Edmund Makona appointed Air Zimbabwe's substantive CEO


The Chipo Mtasa-led Air Zimbabwe board has appointed Edmund Murambiwa Makona as the national airliner’s new Chief Executive Officer.

Edmund Makona appointed new substantive CEO of Air Zimbabwe
Image: Herald 

Makona has been acting CEO since April this year, when he took over from Mr Tafadzwa Zaza.

The board confirmed the appointment in a statement released on Monday. "The Air Zimbabwe (Private) Limited board of directors is pleased to advise all stakeholders that Mr Edmund Makona has been appointed as the Chief Executive Officer of the National Airline with effect from November 1, 2023. 

Mr Makona, has been appointed in terms of Section 14 (4) (b) of the Public Entities Corporate Governance Act for an effective five-year term. At the time of his appointment, Mr Makona was the acting chief executive office," reads part of the statement.

Makona is a seasoned aviation expert with over three decades of experience in the African aviation sector.

He has been an aviation consultant with aeronautical engineering background, a type-rated licensed aircraft engineer, aviation quality, safety and security expert and a trainer for the aircraft engineers and pilots ground school.

Makona’s impressive background includes being a former CEO of Air Zimbabwe, where he successfully relaunched the airline in 2013.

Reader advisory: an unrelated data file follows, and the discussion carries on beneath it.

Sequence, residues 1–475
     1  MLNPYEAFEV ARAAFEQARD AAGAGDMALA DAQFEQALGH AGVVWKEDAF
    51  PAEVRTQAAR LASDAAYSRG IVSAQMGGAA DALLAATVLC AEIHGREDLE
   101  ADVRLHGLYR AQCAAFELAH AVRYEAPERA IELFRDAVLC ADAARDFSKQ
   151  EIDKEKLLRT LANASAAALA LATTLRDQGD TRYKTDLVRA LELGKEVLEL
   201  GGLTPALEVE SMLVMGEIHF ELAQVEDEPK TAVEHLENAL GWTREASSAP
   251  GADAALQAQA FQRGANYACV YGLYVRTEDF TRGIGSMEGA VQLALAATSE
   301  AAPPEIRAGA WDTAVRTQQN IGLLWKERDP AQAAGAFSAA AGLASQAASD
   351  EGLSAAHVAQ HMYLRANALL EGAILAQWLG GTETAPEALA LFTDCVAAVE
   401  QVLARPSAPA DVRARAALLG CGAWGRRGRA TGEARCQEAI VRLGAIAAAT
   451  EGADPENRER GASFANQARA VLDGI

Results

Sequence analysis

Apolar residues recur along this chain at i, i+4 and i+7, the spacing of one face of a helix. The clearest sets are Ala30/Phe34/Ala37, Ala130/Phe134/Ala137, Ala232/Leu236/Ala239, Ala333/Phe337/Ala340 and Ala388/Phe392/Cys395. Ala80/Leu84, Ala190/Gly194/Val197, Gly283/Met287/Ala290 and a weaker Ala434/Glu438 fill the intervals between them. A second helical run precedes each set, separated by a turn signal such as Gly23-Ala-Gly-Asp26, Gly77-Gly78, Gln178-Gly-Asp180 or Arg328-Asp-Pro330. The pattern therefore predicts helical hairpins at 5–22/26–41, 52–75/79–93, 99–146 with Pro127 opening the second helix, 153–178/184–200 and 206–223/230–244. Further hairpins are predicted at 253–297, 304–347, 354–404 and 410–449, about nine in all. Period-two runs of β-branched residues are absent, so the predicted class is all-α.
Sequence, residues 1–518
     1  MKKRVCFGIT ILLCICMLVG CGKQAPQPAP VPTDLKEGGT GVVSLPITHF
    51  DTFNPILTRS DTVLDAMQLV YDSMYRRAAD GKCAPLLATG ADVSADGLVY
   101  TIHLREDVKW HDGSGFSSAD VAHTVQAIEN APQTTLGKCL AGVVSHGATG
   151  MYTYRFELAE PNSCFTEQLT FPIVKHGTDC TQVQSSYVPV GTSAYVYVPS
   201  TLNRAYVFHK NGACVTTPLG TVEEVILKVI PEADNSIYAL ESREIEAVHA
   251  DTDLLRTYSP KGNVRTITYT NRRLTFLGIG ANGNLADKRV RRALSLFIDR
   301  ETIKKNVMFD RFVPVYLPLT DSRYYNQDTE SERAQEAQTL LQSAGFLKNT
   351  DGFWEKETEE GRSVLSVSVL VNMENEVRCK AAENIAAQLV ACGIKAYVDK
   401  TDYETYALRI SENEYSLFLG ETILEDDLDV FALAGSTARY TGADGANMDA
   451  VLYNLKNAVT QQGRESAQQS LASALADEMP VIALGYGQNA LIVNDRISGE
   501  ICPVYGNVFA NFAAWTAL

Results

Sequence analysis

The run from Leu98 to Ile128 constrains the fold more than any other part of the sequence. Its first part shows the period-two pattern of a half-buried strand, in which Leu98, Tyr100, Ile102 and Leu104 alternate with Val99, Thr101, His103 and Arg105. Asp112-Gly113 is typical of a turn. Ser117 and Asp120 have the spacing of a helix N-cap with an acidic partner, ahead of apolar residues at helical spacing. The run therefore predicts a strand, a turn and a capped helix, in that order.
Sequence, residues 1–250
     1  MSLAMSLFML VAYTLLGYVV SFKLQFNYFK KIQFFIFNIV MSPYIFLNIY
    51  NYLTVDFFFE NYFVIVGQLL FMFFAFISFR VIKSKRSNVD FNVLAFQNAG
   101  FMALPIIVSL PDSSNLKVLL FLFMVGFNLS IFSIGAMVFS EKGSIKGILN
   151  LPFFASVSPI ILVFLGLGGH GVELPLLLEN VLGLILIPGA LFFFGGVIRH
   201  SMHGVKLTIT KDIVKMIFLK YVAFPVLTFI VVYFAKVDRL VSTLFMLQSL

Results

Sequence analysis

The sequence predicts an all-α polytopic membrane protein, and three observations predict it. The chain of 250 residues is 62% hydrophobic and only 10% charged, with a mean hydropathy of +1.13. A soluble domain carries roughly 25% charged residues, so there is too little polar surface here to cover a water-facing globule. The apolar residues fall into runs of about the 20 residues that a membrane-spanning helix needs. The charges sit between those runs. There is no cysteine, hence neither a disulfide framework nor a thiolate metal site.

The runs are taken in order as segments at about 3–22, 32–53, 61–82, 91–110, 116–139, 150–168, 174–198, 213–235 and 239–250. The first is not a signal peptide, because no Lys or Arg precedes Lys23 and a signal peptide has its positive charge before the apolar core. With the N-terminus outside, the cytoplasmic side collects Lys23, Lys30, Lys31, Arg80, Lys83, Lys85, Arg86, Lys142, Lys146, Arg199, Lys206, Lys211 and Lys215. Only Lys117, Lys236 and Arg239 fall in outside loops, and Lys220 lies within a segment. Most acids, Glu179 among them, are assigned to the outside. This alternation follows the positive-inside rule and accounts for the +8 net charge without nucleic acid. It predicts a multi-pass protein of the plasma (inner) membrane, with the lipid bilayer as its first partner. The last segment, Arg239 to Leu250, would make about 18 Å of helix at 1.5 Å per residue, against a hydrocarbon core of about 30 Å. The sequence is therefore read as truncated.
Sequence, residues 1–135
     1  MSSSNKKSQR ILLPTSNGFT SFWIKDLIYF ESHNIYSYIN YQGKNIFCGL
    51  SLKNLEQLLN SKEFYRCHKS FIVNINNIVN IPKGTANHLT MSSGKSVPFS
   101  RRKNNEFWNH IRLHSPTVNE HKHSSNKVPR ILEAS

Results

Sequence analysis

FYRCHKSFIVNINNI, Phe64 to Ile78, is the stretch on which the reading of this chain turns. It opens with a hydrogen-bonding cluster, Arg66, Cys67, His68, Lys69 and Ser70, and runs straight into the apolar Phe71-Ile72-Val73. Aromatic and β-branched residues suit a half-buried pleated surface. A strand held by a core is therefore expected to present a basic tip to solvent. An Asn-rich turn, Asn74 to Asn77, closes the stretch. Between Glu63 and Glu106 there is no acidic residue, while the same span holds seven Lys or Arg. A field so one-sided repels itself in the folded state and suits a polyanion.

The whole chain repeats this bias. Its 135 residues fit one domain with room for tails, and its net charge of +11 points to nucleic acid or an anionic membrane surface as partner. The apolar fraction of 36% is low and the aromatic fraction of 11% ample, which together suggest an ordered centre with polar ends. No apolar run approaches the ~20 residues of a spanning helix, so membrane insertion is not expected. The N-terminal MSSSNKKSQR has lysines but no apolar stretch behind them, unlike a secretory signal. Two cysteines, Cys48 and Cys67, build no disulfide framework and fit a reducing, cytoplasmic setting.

He has also served both as president and executive committee member of the African Airline Association and is currently the ambassador of the Single African Air Transport Market (SAATM) for the Africa Southern Region on the African Union (AU) initiative regarding the liberalisation of the African skies.

He has also held the position of President of the African Airlines (AFRAA) and has served as an independent consultant for IATA on various African airline missions.

Mr. Makona is expected to turn around the fortunes of Air Zimbabwe, and this substantive appointment shows that the board has shown confidence in the work he has been doing at the struggling national carrier since April.

“The board is keen on unlocking value from Makona’s diverse expertise and vast experience. We are confident that he will p the board’s vision to turn around the national carrier and reposition it to become a strategic, competitive and viable airline for the country,” concludes the statement.

Ten years on, Makona faces an uphill task at his role, reminiscent of 2013.

Air Zimbabwe is saddled with huge debts of over US$400 million. Part of a report released by the Auditor General for the financial year ending 31 December 2022 read: “The accumulated losses of US$407,843,950 have been recognised to date and that the company’s total liabilities exceed its assets by US$380,224,835.”

Air Zimbabwe has eight planes on its books, comprising six Boeing 700 series, an Airbus A320 and an Embraer ERJ145.

Of the eight aircraft, only the Boeing 737, Boeing 767 and the smaller Embraer ERJ 145 are currently in service.

The airline only operates domestic and regional flights from its hub in Harare to Bulawayo, Victoria Falls, Johannesburg and Dar es Salaam.

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